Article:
A 35 year old lady is overwhelmed at work, she lost her parents quite close to each other two years ago and feels unhappy in her current relationship. She has been thinking about having children, but not with this partner. She feels more and more depressed and does not see a way forward herself. When her employer confronts her with the poor quality of her work, she feels unable to cope and decides to seek help. The psychotherapists listens deeply to her recent bereavement and the change the loss of both her parents have brought into her life. It turns out that the relationship with her partner has changed over the last 2 years and he finds it hard to cope with her grief, which makes her feel he would not be able to give her the support she would herself need if she had children. During several months the therapists and client work with her grief and anxieties, after which she feels able to have a heart to heart talk with her partner about their future together.

Clinical Psychotherapy
is given by practitioners who have been trained in University, studying first Psychology or Medicine and then specialise in Psychological Psychotherapy or Medical Psychotherapy. The psychotherapists is trained to work with psychological disorders as well as the diagnosing of these. The medical psychotherapist is also qualified to give (anthroposophic) medicines to enhance the treatment of the patient.

For example:
A woman comes to a psychotherapist because of the many problems she has in her life, she is often in debts, has difficulties in maintaining her relationships and does not really care what happens to her when it comes to these relationships. To relief her continuous inner tension she cuts herself, but makes sure no body can see the scars. Normally she does not trust therapists, but she now reached a point where she no longer feels able to cope on her own. Her nightmares have returned and during the day she has flashbacks of traumatic events out of her childhood. If it was not for her son she would no longer bother she says. She finds it hard to keep coming to the sessions, but feels some relief as well as she can share her burdens. Together with her doctor a supporting medicine is found to help her body cope with the horrible experiences and flashbacks of abuse. After a while she is able to come more regularly and starts to share something of her past. She feels less isolated and also does not feel the need to cut herself so often. During the sessions she realises that her son now is the same age as she was when the abuse started and she is understands know why the nightmares returned.  

is based at hospitals. The patient has a physical problem for which no physical origin can be found. After all tests have been done in the hospital he is refered to the psychosomatic departement. The therapists is a medically trained doctor who works with medicines as well as psychotherapeutic methods.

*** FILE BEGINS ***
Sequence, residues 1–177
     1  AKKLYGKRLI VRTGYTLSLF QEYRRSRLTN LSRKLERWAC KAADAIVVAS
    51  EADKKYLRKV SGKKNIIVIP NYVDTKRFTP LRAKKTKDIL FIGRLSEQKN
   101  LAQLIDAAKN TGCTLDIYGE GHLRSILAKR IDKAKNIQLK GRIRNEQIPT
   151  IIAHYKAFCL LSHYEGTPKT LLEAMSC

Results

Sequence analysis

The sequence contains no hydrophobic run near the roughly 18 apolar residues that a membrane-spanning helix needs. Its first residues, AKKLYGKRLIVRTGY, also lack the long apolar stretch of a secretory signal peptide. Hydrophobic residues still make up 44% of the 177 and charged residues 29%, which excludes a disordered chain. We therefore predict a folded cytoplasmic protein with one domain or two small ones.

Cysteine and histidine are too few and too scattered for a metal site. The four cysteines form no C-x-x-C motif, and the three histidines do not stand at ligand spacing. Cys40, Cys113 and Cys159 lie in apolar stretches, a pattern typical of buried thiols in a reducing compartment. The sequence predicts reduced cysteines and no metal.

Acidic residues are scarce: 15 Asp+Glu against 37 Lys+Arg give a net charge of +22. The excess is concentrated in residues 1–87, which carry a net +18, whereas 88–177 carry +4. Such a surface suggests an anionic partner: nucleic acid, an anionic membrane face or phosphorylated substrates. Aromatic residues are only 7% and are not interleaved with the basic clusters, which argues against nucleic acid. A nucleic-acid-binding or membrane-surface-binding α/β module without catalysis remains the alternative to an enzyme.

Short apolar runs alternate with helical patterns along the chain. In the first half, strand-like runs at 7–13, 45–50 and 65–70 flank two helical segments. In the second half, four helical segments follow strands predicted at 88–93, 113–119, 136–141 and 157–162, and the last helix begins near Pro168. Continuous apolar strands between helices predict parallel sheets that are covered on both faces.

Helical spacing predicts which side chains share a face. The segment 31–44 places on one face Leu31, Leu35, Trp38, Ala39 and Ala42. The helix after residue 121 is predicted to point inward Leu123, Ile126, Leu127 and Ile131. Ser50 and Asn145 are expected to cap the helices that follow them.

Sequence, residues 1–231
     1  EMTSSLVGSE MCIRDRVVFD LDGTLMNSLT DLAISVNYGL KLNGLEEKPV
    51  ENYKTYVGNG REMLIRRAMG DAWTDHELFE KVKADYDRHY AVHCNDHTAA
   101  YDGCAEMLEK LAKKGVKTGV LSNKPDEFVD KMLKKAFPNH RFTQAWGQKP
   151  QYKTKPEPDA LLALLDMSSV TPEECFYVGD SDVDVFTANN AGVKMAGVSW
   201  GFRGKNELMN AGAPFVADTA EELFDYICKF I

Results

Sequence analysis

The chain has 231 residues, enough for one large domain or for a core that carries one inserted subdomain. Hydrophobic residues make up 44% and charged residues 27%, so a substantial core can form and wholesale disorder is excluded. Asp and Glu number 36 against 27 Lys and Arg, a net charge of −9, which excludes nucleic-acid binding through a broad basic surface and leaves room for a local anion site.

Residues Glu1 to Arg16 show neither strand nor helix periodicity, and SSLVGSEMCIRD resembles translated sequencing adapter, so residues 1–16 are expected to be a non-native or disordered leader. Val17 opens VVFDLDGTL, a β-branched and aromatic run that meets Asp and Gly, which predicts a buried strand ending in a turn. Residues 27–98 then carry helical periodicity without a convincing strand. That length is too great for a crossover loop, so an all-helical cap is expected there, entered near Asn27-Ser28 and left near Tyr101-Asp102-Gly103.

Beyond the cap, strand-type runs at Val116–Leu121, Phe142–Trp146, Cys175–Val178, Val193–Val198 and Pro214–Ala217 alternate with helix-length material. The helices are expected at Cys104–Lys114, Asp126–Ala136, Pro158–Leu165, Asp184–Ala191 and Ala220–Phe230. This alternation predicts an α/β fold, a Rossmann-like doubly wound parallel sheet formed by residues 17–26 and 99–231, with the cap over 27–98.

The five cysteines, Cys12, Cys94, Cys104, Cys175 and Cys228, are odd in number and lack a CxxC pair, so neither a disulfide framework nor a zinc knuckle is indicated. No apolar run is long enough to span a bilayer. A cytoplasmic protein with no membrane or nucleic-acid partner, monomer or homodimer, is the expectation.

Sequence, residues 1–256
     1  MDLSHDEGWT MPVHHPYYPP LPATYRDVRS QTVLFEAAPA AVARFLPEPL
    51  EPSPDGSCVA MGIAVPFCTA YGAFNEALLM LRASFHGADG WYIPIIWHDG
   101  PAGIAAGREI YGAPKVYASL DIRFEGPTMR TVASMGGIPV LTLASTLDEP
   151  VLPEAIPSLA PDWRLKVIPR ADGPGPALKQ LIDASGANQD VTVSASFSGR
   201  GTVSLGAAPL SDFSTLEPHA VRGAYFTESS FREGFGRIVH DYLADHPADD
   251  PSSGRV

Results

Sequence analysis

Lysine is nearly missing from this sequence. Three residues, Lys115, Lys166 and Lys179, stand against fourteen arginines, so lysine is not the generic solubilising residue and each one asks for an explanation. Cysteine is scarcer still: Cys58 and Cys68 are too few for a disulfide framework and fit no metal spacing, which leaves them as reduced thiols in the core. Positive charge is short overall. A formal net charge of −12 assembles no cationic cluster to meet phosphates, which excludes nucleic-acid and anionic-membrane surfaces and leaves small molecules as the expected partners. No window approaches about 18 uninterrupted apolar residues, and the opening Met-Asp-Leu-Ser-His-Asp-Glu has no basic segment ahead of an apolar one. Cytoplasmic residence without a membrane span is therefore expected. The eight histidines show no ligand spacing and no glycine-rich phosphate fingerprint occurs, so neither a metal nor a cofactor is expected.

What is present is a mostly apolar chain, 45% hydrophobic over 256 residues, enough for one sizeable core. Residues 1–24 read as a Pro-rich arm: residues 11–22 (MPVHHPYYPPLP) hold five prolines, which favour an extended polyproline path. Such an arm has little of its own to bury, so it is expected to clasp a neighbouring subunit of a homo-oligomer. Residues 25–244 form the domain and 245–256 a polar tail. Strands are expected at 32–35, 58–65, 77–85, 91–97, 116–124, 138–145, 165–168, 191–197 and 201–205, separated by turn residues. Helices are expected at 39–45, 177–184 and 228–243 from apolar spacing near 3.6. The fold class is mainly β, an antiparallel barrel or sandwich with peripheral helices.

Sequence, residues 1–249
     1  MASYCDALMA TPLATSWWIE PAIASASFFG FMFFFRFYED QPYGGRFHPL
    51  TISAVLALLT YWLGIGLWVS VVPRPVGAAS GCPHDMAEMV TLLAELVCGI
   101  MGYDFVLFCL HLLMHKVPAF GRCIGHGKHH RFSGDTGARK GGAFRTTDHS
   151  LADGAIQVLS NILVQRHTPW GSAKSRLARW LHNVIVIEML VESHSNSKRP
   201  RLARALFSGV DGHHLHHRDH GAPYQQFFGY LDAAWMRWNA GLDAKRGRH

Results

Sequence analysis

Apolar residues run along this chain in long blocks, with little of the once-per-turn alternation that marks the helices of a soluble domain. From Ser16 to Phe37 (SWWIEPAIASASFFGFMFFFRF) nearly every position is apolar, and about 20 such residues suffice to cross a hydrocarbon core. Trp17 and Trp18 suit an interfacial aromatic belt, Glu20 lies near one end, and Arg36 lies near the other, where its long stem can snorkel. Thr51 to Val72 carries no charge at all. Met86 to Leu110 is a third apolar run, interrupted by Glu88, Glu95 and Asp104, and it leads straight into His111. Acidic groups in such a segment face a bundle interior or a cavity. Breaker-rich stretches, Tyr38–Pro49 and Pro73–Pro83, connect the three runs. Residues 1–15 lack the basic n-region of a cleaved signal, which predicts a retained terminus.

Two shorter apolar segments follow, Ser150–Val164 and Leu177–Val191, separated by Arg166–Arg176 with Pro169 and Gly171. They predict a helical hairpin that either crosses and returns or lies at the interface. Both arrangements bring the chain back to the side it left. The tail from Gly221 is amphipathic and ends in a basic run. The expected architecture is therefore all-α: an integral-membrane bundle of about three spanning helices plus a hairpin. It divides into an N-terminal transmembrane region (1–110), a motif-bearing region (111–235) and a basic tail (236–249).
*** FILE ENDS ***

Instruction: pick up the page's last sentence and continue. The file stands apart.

For example:
A 58 year old businessman has severe stomache problems. The pain makes it necessary for him to be taken into hospital. When no origin can be found, he is advised to follow a special diet to help his digestion. This works for a while, but after a few months the pain returns. Eventually he is referred to the psychosomatic department where he is exploring the current daily life occurences. It turns out that the stress of running his own company is eating at him and his family life. His wife has threatened to leave him if he keeps working late hours and he feels continually quilty for missing out on his family. When he realises what lies at the bottom of his stomage pain he is able to look for a business partner to share the burden without feeling a failure.

deals with people with severe psychological problems. Often the problems have a physical origin and need medical treatment for the organ systems to be brought back in balance. The risk for suicide is high as people can loose the connection to their self (or I) and no longer live in reality. Voices can tell them that they can fly, visual images can torment them which have no actual origin in previous life experiences. When the organic functions are brought back into balance, these symptons become less. The psychological disorders are mostly life long and part of the treatment is finding the right way to live with them for the patient.

For example:
A 20 year old man has become more and more depressed. He can no longer cope at University and has to go back home to his parents. His parents bring him to a psychiatrist when they notice he has moments when he becomes extremely fearful and starts talking to something he sees, while there is nothing in the room. The psychiatrist makes a diagnosis of his condition and recognises symptons of Schizofrenia. He starts his treatment with regular medication for the hallucinations to keep his condition in balance, at the same time as anthroposophic medication to support the organ systems which causes the hallucinations together with some eurythmy therapy to help his I relate to his physical body. After a few months his condition improves and he feels more 'normal' again. A plan is made how to support him in his future life.